332final08a

# 332final08a - UNIVERSITY OF TORONTO Joseph L Rotman School...

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UNIVERSITY OF TORONTO Joseph L. Rotman School of Management Dec. 21, 2008 Ezer/Kan/Florence RSM332 FINAL EXAMINATION Pomorski/Zhou SOLUTIONS 1. (a) In a year, bond A will have one year to maturity and bond B will have two years to maturity. If the economy is strong, bond A ’s YTM will be 11.1% and its price will be P strong A, 1 = \$1000 / (1 + 0 . 111) = \$900 . 09. If the economy is weak, bond B ’s YTM will be 6.3% and its price will be P weak B, 1 = \$1000 / (1 + 0 . 063) 2 = \$884 . 98. (b) The expected next year’s price of bond A is E [ P A, 1 ] = 0 . 4 × 1000 1 + 0 . 111 + 0 . 6 × 1000 1 + 0 . 037 = 938 . 628 . The expected holding period return on bond A is E [ R A ] = E [ P A, 1 ] - P A, 0 P A, 0 = 938 . 628 - 856 . 80 856 . 80 9 . 55% . (c) The current value of your portfolio is \$856.80+\$800.00=\$1,656.80. The value of this portfolio next year will depend on the economic conditions: Portfolio value Portfolio return Strong economy 900.09+713.34=1613.43 1613 . 43 1656 . 80 - 1 ≈ - 2 . 618% Weak economy 964.32+884.98=1849.30 1849 . 30 1656 . 80 - 1 11 . 619% Thus, the expected return of the portfolio is μ p = 0 . 4 × - 0 . 02618 + 0 . 6 × 0 . 11619 0 . 05924 . The variance of portfolio returns is σ 2 p = 0 . 4 × ( - 0 . 02618 - 0 . 05924) 2 + 0 . 6 × (0 . 11619 - 0 . 05924) 2 = 0 . 004865 . 1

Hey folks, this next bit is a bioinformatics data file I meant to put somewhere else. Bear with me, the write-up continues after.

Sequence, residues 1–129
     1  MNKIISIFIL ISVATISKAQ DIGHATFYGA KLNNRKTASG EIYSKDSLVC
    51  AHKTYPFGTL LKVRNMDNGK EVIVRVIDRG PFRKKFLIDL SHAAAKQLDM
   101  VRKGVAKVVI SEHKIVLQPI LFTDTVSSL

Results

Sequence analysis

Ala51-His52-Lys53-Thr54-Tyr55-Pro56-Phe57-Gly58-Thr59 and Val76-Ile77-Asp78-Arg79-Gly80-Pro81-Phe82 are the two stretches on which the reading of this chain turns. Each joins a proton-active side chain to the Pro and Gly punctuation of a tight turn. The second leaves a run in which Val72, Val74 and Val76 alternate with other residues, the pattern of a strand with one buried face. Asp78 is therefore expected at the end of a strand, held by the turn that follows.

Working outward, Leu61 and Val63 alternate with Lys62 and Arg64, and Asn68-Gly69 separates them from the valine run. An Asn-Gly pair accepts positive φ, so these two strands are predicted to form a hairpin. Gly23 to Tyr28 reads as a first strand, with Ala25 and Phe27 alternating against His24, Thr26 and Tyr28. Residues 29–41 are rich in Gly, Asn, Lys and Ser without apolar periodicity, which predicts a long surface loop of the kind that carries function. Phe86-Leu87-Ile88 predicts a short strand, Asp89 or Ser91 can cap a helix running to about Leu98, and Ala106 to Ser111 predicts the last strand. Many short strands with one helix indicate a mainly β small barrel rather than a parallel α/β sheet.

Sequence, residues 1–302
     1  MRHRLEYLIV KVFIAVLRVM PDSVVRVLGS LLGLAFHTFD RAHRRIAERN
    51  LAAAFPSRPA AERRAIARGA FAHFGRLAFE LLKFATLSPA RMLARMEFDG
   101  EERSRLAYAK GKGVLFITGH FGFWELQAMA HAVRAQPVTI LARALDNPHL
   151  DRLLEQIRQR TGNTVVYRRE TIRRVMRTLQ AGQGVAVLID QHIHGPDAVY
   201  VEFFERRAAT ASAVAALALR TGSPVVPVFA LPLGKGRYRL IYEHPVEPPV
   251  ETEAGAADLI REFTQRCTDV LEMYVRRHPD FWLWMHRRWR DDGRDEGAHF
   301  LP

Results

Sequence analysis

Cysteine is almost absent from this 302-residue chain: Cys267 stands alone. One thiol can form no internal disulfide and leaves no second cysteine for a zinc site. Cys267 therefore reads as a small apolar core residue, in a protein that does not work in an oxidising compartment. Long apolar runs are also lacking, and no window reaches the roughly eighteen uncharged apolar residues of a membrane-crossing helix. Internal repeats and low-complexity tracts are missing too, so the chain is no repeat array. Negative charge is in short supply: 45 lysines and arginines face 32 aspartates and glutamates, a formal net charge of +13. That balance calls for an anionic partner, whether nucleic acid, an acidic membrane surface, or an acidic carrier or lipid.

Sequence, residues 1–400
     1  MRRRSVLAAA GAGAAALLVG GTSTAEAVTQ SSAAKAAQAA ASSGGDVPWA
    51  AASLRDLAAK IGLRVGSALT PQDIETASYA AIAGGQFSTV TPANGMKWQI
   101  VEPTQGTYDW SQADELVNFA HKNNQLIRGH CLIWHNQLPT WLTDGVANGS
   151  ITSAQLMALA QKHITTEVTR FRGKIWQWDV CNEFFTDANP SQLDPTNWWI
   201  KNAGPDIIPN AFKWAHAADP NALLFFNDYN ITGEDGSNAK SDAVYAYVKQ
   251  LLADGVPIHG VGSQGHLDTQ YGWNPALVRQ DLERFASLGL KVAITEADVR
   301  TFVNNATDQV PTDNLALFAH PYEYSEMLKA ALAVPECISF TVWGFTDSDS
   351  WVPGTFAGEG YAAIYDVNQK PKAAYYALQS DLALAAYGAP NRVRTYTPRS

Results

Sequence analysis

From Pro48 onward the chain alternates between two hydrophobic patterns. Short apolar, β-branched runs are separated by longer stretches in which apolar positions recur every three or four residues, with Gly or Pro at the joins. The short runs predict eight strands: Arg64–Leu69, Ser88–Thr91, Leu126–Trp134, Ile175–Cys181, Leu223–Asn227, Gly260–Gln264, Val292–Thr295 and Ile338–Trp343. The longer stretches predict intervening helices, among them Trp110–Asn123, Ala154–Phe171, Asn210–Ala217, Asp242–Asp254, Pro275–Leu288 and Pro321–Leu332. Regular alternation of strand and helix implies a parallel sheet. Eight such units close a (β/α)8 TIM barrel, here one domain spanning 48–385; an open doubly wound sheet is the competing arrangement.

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The standard deviation is the square root of the variance, or about 6.97%. Note: you can also solve this question by computing portfolio weights of bonds A and B and then using the formulas for portfolio mean and standard deviation. Keep in mind that the portfolio is not equal-weighted: the weight of bond A is about 52% and the weight of bond B is about 48%. (d) Bond C will deliver exactly \$1,000 next year. We know the payoff up front, so this bond is risk-free in a one-year portfolio: the standard deviation of returns on bond C is 0. Denote the weight of bond C in your new portfolio by w (the weight of your portfolio from part (c) is 1 - w ). We want w to satisfy: σ p = q w 2 × 0 + (1 - w ) 2 × 0 . 004865 = | 1 - w | × 0 . 0697 = 0 . 03227 . While this equation has two solutions ( w = 0 . 537 and w = 1 . 463), we need to choose the solution with w < 1. This is because we are already holding bonds A and B in our portfolio, so we have 1 - w > 0 which implies w < 1. Thus, your holdings of bond C should account for 53.7% of the overall value of your portfolio. (e) Denote the number of units of bond C by x . The value of your position in bond C is 915 x . The total value of your portfolio is then 1656 . 8 + 915 x and the weight of bond C is w = 915 x/ (1656 . 8 + 915 x ). We need to solve: w = 915 x 1656 . 8 + 915 x = 0 . 537 x = 2 . 1 . 2. (a) The covariance between market returns and returns on stock A is σ AM = ρ AM σ A σ M = - 0 . 3 × 0 . 5 × 0 . 2 = - 0 . 03 , and the market beta of stock A is β A = σ AM σ 2 M = - 0 . 03 (0 . 2) 2 = - 0 . 75 .
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